Effects of Correct Breathing

Scarcely too much can be said of the advantages attending the practice of the Complete Breath. And yet the student who has carefully read the foregoing pages should scarcely need to have pointed out to him such advantages.

The practice of the Complete Breath will make any man or woman immune to Consumption and other pulmonary troubles, and will do away with all liability to contract “colds,” as well as bronchial and similar weaknesses. Consumption is due principally to lowered vitality attributable to an insufficient amount of air being inhaled. The impairment of vitality renders the system open to attacks from disease germs. Imperfect breathing allows a considerable part of the lungs to remain inactive, and such portions offer an inviting field for bacilli, which invading the weakened tissue soon produce havoc. Good healthy lung tissue will resist the germs, and the only way to have good, healthy lung tissue is to use the lungs properly

Consumptives are nearly all narrow-chested. What does this mean? Simply that these people were addicted to improper habits of breathing, and consequently their chests failed to develop and expand. The man who practices the Complete Breath will have a full, broad chest, and the narrow-chested man may develop his chest to normal proportions if he will but adopt this mode of breathing. Such people must develop their chest cavities if they value their lives. Colds may often be prevented by practicing a little vigorous Complete Breathing whenever you feel that you are being unduly exposed. When chilled, breathe vigorously a few minutes, and you will feel a glow all over your body. Most colds can be cured by Complete Breathing and partial fasting for a day.

The quality of the blood depends largely upon its proper oxygenation in the lungs, and if it is under-oxygenated it becomes poor in quality and laden with all sorts of impurities, and the system suffers from lack of nourishment and often becomes actually poisoned by the waste products remaining uneliminated in the blood. As the entire body, every organ and every part, is dependent upon the blood for nourishment, impure blood must have a serious effect upon the entire system. The remedy is plain—practice the Yogi Complete Breath.

The stomach and other organs of nutrition suffer much from improper breathing. Not only are they ill nourished by reason of the lack of oxygen, but as the food must absorb oxygen from the blood and become oxygenated before it can be digested and assimilated, it is readily seen how digestion and assimilation is impaired by incorrect breathing. And whenever assimilation is not normal, the system receives less and less nourishment, the appetite fails, bodily vigor decreases, and energy diminishes, and the man withers and declines. All from the lack of proper breathing.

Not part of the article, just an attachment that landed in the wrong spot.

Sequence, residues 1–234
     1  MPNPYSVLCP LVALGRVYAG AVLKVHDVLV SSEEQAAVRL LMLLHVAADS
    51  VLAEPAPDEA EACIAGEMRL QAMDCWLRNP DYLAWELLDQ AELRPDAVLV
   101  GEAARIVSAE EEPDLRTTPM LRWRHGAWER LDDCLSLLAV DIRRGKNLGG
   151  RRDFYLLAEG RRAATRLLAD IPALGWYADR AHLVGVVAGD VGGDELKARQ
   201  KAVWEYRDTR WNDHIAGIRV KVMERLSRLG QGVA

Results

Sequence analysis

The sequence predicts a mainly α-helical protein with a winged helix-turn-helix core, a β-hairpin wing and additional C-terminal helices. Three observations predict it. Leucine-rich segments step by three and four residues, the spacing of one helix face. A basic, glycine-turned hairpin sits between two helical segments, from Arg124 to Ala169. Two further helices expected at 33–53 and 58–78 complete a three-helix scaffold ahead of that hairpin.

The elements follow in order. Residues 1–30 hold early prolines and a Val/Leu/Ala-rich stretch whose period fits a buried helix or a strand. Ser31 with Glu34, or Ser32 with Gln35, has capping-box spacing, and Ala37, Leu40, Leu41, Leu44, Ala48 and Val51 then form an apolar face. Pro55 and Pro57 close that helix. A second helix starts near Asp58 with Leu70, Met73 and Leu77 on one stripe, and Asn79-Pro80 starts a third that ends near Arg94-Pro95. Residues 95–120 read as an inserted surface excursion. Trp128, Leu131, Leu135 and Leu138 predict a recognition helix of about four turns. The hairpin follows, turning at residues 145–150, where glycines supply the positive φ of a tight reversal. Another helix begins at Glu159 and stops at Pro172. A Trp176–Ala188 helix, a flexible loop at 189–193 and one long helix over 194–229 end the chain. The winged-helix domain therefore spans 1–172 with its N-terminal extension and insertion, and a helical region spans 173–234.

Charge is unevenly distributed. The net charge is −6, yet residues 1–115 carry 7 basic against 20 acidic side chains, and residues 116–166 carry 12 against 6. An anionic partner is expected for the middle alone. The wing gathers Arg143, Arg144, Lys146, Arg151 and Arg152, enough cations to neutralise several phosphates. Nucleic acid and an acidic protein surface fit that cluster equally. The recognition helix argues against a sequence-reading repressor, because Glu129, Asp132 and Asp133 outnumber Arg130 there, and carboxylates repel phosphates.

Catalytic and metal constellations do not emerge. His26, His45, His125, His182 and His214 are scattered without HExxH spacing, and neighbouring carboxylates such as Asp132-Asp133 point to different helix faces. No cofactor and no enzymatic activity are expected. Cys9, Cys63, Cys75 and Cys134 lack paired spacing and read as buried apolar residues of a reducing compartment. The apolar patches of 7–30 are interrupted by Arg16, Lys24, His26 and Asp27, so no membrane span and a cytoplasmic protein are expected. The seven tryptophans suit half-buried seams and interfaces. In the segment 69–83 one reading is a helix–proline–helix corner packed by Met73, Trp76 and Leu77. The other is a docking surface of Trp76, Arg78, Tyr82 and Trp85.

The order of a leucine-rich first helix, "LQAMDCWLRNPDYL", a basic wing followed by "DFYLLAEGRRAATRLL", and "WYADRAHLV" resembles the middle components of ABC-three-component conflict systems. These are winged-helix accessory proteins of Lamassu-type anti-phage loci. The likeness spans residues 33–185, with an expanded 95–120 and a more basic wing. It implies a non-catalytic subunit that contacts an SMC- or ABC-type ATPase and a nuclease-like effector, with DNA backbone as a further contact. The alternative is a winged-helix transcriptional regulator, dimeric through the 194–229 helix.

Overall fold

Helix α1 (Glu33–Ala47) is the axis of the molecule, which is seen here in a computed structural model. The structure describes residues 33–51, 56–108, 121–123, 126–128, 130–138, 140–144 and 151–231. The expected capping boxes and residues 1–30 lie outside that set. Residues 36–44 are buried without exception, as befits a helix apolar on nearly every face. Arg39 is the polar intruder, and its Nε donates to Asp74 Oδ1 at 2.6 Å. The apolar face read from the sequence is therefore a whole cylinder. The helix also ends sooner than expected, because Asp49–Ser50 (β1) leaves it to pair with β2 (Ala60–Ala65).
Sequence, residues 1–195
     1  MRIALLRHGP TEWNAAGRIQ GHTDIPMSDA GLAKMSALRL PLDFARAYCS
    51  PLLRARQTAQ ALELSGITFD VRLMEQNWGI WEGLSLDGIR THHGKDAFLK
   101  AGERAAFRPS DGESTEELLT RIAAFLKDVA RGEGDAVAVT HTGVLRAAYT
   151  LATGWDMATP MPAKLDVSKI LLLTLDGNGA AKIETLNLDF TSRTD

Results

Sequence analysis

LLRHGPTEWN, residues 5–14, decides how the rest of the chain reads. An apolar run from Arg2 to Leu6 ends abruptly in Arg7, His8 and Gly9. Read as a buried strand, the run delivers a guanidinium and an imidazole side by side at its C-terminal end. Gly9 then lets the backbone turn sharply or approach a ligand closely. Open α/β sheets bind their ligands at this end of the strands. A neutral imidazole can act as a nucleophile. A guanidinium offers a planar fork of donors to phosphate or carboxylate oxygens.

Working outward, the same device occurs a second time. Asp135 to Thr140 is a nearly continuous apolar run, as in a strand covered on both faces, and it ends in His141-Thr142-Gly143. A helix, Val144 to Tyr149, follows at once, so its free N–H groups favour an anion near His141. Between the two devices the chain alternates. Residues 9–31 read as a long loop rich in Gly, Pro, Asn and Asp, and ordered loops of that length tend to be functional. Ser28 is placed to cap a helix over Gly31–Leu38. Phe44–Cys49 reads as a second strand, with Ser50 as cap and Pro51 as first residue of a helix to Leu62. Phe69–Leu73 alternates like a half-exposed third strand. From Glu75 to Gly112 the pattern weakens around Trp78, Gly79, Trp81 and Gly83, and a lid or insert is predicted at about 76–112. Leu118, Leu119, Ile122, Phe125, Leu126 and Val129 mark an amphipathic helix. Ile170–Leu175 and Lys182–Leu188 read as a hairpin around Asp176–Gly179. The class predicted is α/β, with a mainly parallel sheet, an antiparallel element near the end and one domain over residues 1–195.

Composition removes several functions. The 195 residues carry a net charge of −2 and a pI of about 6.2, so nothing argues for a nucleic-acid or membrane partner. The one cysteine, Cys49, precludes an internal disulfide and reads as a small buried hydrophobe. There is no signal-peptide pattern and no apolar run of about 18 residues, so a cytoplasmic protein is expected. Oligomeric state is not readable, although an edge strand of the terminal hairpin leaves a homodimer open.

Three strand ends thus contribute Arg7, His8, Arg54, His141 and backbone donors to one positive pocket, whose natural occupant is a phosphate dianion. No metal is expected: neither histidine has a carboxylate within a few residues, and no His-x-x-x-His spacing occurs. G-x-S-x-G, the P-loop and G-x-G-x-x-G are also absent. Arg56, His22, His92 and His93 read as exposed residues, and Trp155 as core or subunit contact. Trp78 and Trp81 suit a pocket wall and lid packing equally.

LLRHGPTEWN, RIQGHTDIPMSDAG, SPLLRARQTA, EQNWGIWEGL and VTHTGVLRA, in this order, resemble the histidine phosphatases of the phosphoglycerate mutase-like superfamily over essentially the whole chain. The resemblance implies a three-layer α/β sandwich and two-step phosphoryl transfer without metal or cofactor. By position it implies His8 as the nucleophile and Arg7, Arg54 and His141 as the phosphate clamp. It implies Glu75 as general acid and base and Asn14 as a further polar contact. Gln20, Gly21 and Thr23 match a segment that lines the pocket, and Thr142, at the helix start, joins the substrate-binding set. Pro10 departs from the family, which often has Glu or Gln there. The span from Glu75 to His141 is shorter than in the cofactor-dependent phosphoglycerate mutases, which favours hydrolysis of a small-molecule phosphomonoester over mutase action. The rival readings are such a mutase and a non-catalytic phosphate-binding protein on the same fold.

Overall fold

Even the nervous system suffers from improper breathing, inasmuch as the brain, the spinal cord, the nerve centers, and the nerves themselves, when improperly nourished by means of the blood, become poor and inefficient instruments for generating, storing and transmitting the nerve currents. And improperly nourished they will become if sufficient oxygen is not absorbed through the lungs. There is another aspect of the case whereby the nerve currents themselves, or rather the force from which the nerve currents spring, becomes lessened from want of proper breathing, but this belongs to another phase of the subject which is treated of in other chapters of this book, and our purpose here is to direct your attention to the fact that the mechanism of the nervous system is rendered inefficient as an instrument for conveying nerve force, as the indirect result of a lack of proper breathing.

In the practice of the Complete Breath, during inhalation, the diaphragm contracts and exerts a gentle pressure upon the liver, stomach and other organs, which in connection with the rhythm of the lungs acts as a gentle massage of these organs and stimulates their actions, and encourages normal functioning. Each inhalation aids in this internal exercise, and assists in causing a normal circulation to the organs of nutrition and elimination. In High or Mid Breathing the organs lose the benefit accruing from this internal massage.

The Western world is paying much attention to Physical Culture just now, which is a good thing. But in their enthusiasm they must not forget that the exercise of the external muscles is not everything. The internal organs also need exercise, and Nature’s plan for this exercise is proper breathing. The diaphragm is Nature’s principal instrument for this internal exercise. Its motion vibrates the important organs of nutrition and elimination, and massages and kneads them at each inhalation and exhalation, forcing blood into them, and then squeezing it out, and imparting a general tone to the organs. Any organ or part of the body which is not exercised gradually atrophies and refuses to function properly, and lack of the internal exercise afforded by the diaphragmatic action leads to diseased organs. The Complete Breath gives the proper motion to the diaphragm, as well as exercising the middle and upper chest. It is indeed “complete” in its action.

From the standpoint of Western physiology alone, without reference to the Oriental philosophies and science, this Yogi system of Complete Breathing is of vital importance to every man, woman and child who wishes to acquire health and keep it. Its very simplicity keeps thousands from seriously considering it, while they spend fortunes in seeking health through complicated and expensive “systems.” Health knocks at their door and they answer not. Verily the stone which the builders reject is the real cornerstone of the Temple of Health.